Author:Barbara Stoeckigt (Universitaetsmedizin Berlin)
Paper short abstract:
Spiritual healers in Kenya were asked how they deal with psychoses. They named physical, psychological and social causes. Most important were spiritual causes and witchcraft. The question is if such diverse cultural etiologies can be summarized in one worldwide classification system.
Paper long abstract:
According to the World Health Organization (WHO) more than the majority of the population in Africa use traditional medicine. And it is mostly the spiritual healer, who is able to deal with psychoses from the point of view of many Africans, because psychoses are very often related to spirit possessions. To advocate intercultural exchange, spiritual healers in Kenya, East Africa, from different ethnic groups were asked how they deal with psychoses. Because the term psychosis was not common to all interviewed healers, the more colloquial term madness was used throughout the field research, which was understood by every healer. The descriptions of the symptoms showed many similarities to western medicine and comparative cultural studies and most closely resembled psychoses from the schizophrenic group. And as in Western medicine the spiritual healers described a multifactorial etiology. Almost all spiritual healers named physical, psychological and social causes. Still most important and in contrast to Western medicine were spiritual causes, like spirit possession, and witchcraft. Depending on the etiology were the different treatment options. The narratives of the spiritual healers were quiet heterogeneous and will be presented in the panel. Furthermore a transfer to classification systems like ICD-10 or the DSM -V, based on an Euro-American culture, has significant limitations. One's own cultural limitations should always be considered before attempting to classify disease phenomena from other cultures. And it is to be questioned if such diverse cultural etiologies and treatment options can be summarized in one worldwide classification system.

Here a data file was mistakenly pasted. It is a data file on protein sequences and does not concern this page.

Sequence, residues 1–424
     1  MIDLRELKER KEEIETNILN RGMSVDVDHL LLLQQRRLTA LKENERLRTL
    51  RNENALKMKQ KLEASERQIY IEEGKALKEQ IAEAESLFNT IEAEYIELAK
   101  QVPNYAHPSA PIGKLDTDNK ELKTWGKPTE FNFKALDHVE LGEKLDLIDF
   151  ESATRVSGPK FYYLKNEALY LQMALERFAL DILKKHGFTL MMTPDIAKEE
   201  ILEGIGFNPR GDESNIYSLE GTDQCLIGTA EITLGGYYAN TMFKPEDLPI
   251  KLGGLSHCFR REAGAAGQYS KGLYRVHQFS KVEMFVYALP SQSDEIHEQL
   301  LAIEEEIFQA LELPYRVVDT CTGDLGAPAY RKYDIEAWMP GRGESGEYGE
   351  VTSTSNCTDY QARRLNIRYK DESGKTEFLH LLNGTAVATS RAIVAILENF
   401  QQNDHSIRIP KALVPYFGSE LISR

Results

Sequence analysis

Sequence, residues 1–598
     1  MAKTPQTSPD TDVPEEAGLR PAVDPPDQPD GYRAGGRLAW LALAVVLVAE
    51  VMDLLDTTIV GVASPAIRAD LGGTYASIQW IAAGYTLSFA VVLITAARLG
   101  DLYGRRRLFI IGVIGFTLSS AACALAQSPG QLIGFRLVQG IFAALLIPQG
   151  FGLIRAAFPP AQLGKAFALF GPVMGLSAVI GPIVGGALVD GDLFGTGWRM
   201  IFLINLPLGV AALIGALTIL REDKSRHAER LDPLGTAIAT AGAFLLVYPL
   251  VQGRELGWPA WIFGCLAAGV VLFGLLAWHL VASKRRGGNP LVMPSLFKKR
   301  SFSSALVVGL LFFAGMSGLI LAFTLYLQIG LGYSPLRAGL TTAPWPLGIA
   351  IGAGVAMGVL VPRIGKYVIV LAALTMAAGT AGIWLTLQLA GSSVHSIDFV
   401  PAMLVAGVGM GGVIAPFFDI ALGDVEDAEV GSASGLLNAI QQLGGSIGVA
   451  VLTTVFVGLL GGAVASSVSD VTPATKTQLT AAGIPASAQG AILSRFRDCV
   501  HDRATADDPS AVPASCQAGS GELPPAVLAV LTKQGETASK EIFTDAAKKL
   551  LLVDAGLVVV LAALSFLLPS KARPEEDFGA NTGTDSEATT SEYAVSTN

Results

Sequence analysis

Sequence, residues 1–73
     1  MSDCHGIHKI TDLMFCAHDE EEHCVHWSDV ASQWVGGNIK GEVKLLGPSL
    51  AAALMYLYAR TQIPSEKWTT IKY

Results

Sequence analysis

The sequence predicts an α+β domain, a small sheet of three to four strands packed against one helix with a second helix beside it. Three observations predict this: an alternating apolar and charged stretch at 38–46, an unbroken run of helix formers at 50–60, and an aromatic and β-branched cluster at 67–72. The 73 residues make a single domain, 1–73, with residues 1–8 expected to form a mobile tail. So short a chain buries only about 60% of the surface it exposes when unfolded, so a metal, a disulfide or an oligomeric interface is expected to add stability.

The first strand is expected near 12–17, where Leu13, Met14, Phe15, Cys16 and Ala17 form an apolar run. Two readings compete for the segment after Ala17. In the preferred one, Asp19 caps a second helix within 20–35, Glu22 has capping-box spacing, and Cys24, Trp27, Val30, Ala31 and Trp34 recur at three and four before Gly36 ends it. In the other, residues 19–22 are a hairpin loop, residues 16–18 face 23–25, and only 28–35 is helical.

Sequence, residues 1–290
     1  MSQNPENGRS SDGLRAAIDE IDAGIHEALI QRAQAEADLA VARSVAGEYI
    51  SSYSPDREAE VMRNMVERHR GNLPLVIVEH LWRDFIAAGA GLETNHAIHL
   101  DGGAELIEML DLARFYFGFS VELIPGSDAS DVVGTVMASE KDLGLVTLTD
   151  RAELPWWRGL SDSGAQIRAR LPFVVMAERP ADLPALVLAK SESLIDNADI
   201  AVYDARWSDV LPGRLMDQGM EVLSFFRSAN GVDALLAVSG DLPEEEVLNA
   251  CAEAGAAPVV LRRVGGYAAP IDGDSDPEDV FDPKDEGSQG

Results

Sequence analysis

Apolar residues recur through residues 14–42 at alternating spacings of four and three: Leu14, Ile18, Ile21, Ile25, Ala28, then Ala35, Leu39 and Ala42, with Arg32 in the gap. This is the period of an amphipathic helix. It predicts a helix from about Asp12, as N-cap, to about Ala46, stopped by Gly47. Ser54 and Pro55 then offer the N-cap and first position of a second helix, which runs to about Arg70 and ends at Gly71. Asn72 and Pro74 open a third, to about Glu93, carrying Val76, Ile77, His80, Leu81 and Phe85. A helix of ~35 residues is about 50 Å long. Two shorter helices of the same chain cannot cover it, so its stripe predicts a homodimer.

Collaboration between psychiatry and anthropology: nosological and etiological challenges